Honduras still looking for truth in 2009 coup
The ghost of Honduras's 2009 coup just won't die.
The US State Department is hoping a truth commission will help put the matter to rest. The establishment of the truth commission was part of an accord signed by ousted President Manuel Zelaya and members of the coup government last October. The commission, endorsed by the new Honduran government, would investigate the situation in Honduras following the coup d'etate that ousted Zelaya.
The State Department has been pushing for this truth commission since the election of President Porfirio Lobo. They see it as an important step for Honduras to improve its international standing following the controversial ousting of Zelaya. But many human rights organizations in the United States and on a majority of those on the ground in Honduras do not trust the truth commission to investigate and unveil human rights abuses as they are happening in Honduras.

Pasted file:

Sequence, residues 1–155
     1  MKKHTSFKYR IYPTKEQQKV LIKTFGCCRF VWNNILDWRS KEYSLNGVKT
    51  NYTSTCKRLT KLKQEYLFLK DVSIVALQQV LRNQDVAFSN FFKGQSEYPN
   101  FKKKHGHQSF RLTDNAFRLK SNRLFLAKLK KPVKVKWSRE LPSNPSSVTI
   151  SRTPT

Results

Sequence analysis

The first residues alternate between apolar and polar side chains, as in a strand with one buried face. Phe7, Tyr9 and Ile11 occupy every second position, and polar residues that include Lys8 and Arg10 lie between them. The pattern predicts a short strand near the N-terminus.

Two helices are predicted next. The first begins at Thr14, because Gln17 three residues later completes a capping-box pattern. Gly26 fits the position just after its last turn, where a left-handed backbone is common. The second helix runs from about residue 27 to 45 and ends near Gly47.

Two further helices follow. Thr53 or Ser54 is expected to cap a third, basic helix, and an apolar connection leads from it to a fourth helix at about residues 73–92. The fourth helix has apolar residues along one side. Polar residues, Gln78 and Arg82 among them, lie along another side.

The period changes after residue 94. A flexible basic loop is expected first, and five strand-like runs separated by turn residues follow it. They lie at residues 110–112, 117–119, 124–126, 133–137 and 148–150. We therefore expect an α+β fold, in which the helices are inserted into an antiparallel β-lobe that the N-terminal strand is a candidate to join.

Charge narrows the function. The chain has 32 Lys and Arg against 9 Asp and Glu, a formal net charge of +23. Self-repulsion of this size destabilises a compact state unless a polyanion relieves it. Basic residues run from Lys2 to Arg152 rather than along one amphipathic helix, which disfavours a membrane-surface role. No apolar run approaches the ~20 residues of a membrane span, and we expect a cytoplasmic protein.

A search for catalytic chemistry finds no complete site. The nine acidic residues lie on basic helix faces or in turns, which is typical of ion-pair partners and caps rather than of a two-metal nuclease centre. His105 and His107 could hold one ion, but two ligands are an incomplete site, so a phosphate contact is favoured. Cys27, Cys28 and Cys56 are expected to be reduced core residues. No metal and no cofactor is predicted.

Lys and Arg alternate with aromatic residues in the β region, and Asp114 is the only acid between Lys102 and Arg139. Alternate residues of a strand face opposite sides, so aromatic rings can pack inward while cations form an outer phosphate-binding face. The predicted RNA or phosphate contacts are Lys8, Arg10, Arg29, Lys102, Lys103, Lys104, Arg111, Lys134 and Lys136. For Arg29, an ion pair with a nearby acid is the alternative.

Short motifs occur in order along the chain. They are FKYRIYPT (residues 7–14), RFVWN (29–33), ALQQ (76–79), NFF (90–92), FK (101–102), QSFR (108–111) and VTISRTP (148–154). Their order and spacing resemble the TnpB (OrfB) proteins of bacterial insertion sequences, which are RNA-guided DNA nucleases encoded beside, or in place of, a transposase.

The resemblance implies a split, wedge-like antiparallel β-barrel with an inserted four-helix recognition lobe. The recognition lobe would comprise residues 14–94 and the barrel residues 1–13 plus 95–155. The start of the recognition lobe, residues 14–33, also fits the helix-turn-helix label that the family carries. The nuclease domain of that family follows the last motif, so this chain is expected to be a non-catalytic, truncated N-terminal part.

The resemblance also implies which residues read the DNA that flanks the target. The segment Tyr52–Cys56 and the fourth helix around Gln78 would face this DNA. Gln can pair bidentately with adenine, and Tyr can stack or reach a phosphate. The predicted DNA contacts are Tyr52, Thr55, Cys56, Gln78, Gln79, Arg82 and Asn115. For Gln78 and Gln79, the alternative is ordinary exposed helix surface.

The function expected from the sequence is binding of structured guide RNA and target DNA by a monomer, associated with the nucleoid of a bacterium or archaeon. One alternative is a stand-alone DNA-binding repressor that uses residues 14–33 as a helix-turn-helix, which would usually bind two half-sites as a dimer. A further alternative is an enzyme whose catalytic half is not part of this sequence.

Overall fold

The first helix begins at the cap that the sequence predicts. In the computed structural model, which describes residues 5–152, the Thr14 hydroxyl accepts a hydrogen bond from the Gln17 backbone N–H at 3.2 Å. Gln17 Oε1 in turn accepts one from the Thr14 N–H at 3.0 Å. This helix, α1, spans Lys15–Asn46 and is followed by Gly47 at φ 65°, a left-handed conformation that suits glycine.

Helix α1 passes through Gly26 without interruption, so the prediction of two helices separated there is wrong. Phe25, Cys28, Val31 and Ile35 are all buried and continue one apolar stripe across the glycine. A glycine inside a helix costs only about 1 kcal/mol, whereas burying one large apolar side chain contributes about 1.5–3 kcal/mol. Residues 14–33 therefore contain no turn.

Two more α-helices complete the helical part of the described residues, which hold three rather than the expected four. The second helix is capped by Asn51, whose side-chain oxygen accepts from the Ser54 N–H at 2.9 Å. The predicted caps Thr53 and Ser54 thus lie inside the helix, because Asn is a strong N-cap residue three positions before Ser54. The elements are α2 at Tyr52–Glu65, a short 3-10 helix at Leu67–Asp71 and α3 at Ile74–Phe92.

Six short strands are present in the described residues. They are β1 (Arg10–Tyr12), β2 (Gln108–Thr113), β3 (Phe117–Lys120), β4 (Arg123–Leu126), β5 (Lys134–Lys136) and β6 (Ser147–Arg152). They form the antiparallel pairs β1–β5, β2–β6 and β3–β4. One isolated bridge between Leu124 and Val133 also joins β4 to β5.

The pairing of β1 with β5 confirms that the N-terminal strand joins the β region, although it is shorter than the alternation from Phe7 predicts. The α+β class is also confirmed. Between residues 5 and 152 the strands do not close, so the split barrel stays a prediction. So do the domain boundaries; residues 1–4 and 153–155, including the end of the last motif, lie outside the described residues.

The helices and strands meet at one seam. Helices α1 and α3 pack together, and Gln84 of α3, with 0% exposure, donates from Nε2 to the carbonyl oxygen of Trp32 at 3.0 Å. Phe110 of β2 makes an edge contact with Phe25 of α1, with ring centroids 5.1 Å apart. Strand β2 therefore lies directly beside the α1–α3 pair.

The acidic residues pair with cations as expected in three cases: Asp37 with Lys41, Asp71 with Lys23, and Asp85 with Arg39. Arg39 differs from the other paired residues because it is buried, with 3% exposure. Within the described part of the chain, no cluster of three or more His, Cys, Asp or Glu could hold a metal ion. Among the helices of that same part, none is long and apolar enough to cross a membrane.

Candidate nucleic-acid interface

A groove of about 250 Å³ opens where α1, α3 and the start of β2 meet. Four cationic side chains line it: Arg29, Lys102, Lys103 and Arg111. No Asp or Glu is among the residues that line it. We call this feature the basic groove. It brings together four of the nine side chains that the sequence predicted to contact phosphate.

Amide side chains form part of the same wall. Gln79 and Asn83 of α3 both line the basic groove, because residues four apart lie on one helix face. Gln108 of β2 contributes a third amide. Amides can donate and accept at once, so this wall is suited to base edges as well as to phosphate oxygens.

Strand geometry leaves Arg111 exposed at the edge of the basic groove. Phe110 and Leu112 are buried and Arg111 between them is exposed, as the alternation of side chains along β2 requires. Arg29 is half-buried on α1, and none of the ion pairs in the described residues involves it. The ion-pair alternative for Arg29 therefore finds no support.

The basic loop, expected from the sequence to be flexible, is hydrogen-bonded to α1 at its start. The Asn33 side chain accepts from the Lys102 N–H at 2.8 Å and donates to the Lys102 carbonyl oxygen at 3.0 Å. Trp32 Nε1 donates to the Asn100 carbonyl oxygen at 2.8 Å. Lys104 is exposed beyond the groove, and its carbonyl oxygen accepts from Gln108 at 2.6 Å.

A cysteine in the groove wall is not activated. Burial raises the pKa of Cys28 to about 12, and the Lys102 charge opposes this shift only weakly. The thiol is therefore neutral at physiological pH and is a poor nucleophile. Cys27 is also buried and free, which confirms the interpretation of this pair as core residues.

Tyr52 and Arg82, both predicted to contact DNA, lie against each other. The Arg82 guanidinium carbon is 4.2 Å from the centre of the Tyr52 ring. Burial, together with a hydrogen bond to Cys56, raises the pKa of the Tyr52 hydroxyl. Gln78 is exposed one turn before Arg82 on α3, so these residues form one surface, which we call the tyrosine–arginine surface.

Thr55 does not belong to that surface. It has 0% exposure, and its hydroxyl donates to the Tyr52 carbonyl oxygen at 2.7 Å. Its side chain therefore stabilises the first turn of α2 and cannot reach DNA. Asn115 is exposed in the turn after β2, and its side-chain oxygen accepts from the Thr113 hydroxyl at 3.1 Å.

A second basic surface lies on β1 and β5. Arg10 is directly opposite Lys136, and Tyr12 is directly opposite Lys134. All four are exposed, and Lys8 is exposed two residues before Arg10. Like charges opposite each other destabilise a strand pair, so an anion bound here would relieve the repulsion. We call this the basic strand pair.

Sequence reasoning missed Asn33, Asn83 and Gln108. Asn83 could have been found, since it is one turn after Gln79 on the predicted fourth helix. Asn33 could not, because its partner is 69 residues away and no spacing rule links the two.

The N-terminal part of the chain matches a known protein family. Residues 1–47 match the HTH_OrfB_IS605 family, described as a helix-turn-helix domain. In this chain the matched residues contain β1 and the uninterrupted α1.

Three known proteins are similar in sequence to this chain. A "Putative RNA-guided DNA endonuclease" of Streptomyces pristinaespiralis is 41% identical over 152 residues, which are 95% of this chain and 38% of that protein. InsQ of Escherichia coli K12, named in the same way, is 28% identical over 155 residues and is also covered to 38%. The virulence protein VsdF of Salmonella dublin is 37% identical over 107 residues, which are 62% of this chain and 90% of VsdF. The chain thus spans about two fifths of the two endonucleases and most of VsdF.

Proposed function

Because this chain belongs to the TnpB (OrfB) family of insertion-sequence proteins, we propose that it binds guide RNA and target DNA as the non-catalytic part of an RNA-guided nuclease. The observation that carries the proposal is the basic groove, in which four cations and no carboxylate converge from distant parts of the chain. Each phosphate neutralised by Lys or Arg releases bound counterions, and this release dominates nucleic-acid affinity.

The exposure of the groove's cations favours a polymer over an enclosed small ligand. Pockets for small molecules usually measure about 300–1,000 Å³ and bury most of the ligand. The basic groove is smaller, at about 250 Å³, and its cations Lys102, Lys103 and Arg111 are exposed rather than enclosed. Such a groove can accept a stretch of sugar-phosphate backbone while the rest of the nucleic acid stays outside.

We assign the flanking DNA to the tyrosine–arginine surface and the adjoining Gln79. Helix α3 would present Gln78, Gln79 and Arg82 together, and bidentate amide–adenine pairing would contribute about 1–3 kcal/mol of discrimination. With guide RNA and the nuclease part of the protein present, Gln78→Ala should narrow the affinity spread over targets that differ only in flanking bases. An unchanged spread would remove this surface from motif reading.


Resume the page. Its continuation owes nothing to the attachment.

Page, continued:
The start of the truth commission comes as the resistance movement in Honduras amplifies. The country has suffered an increase in human rights abuses in recent years. Without investigating Honduras's human rights issues and political problems, some say it will be politics as usual.
"All the human rights organization on the ground in Honduras all of them are unequivocal in their condemnation of this truth commission. It's just trying to whitewash the coup," said analyst Arturo Viscarra
Whatever comes out of the truth commission, analysts say the State Department will be among the first to celebrate it's findings. Observers say that just the process of working to uncover problems would mean a new chapter for Honduras following the first coup in Latin America in almost two decades. However, for the resistence movement and human rights groups, the truth commission is everything but a truth fact finding mission. To them, it would is little more than a rubber stamp to settle a political crisis in Honduras they believe was heavily facilitated by the US.